79th Venice International Film Festival unveils complete lineup
Published: Jul 28, 2022 07:58 PM
The complete lineup of the Venice International Film Festival 2022 was unveiled at a press conference on Tuesday, with 73 new feature films in the Official Selection. Of these, 23 will compete for the Golden Lion.

The 79th edition of the international event, which runs from August 31 to September 10 on the Venice Lido - will open with Netflix's White Noise by US filmmaker Noah Baumbach. The movie is based on Don DeLillo's 1985 novel of the same name.

The festival's artistic director Alberto Barbera told media on Monday evening it would be "a great honor" to open with this film.

"Baumbach has made an original, ambitious and compelling piece of art, which plays with measure on multiple registers: dramatic, ironic, satirical," Barbera said.

"The result is a film that analyses our obsessions, doubts and fears as they were in the 1980s, yet with very clear references to contemporary reality."

For Baumbach, it will mark a return to Venice three years after the premiere of his film Marriage Story, which earned six nominations at the 2020 Academy Awards, and an Oscar for Laura Dern as best supporting actress.

The festival is scheduled to close on September 10 with the out-of-competition Sky Original film The Hanging Sun by Francesco Carrozzini, a thriller adapted from a noir novel by Jo Nesbo and set in a Norwegian summer "where the sun never sets."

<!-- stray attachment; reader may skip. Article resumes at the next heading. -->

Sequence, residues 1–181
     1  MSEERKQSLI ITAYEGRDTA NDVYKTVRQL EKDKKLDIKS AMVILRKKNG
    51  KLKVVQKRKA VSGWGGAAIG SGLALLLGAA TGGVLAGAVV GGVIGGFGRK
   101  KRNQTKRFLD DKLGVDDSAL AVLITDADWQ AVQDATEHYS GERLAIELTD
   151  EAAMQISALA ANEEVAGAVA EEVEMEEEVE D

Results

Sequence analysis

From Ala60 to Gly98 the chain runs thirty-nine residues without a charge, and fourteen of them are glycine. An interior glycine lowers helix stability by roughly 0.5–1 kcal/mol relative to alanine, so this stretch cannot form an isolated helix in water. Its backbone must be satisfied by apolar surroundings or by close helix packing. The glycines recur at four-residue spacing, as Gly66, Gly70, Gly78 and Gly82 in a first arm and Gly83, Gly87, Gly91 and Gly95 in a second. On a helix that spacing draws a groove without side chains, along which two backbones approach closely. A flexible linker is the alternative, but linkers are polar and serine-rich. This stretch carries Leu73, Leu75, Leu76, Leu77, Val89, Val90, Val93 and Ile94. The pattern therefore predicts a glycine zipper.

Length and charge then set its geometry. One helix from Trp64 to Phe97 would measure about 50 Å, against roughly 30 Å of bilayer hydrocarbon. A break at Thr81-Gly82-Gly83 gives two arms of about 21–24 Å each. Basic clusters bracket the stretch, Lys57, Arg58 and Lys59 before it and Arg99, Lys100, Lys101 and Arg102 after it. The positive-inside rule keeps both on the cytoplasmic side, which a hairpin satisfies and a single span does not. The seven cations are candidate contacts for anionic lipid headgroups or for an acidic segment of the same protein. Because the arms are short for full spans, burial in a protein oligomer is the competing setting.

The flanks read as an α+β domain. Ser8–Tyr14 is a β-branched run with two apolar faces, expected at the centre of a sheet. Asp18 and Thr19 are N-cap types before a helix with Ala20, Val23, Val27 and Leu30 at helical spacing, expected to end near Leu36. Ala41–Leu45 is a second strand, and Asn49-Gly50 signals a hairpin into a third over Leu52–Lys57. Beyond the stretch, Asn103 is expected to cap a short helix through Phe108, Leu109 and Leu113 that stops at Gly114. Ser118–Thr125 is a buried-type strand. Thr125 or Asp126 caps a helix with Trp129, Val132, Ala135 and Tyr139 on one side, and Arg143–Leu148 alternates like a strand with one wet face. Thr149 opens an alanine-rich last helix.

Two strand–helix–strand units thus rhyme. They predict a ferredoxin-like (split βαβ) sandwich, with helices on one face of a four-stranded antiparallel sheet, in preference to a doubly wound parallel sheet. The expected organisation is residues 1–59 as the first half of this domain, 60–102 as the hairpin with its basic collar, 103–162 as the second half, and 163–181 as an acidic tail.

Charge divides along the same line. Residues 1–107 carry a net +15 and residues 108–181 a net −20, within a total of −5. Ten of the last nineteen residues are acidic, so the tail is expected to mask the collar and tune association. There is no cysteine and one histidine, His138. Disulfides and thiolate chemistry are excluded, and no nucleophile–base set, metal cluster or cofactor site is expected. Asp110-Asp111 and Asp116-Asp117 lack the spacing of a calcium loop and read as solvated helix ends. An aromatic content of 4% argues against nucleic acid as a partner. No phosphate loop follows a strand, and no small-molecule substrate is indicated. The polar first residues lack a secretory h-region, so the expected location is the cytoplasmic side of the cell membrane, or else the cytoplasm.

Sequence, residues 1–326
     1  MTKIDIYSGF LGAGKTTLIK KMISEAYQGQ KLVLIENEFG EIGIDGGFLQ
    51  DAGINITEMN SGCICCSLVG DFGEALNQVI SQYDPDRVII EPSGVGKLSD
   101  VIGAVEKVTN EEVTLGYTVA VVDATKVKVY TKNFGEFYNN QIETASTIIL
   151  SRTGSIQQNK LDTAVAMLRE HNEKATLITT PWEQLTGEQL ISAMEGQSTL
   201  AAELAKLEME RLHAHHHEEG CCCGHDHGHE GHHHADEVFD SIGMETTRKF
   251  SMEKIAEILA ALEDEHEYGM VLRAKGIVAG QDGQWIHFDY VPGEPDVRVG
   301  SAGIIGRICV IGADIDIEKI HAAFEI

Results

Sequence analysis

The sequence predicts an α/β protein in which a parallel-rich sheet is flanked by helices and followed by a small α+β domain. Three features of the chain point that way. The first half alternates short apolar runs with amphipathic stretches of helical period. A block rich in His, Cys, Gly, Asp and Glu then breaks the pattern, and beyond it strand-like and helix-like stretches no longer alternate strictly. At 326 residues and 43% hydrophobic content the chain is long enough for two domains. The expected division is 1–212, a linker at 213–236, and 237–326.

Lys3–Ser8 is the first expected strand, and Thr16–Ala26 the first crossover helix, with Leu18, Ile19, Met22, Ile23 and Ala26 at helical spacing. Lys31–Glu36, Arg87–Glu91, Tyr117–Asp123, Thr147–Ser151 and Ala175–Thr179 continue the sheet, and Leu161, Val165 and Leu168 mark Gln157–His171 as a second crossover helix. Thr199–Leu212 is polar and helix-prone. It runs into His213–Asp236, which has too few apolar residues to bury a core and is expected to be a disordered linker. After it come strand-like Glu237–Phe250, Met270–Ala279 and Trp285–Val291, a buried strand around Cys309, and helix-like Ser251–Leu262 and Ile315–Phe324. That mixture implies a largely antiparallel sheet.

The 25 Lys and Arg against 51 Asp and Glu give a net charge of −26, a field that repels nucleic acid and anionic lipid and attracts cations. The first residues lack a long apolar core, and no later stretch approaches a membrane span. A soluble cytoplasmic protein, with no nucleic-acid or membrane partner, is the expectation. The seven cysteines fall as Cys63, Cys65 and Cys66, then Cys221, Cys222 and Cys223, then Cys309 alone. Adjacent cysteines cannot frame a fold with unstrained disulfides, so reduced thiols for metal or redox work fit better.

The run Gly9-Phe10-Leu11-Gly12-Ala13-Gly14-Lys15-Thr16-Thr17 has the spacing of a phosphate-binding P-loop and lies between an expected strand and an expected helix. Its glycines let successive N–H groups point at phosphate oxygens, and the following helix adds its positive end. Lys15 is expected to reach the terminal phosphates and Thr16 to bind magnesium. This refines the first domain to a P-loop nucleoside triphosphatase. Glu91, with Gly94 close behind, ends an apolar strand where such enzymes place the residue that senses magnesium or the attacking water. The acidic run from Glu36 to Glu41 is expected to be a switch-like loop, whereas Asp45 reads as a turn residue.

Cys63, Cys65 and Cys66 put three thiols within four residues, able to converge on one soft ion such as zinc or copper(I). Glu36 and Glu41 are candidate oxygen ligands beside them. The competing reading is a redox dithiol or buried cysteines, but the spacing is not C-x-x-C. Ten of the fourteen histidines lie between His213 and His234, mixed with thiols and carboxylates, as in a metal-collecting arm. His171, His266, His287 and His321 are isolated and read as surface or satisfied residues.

The 23 films competing for Venice's highest prize, the Golden Lion, include The Lord of the Ants by Italian director Gianni Amelio. 

Also in the running is The Immensity by Emanuele Crialese, starring actress Penelope Cruz.

The festival's lineup also includes US filmmaker Darren Aronofsky's drama The Whale, Beyond the Wall by Iranian director Vahid Jalilvand, The Son by French director Florian Zeller, Bones and All by Italian director Luca Guadagnino, the comedy Bardo by Mexican filmmaker Alejandro Inarritu and The Banshees of Inisherin by Irish director Martin McDonagh.

Some 19 movies and documentaries, two television series and four short films will screen out of competition. 

A further 30 works (including short films) will compete in the Horizons category, Venice's international section devoted to new cinema trends.

Barbera said that the public will enjoy a program that is "more varied than usual," with established filmmakers featured alongside emerging directors and talented newcomers striving for international recognition.

"What prevails is the feeling that cinema still wants to try to explore ways of thinking, big themes and big questions, the deep relationships tying people to one another... and [it still has] the ability to push one's gaze beyond the horizon of the present," Barbera added.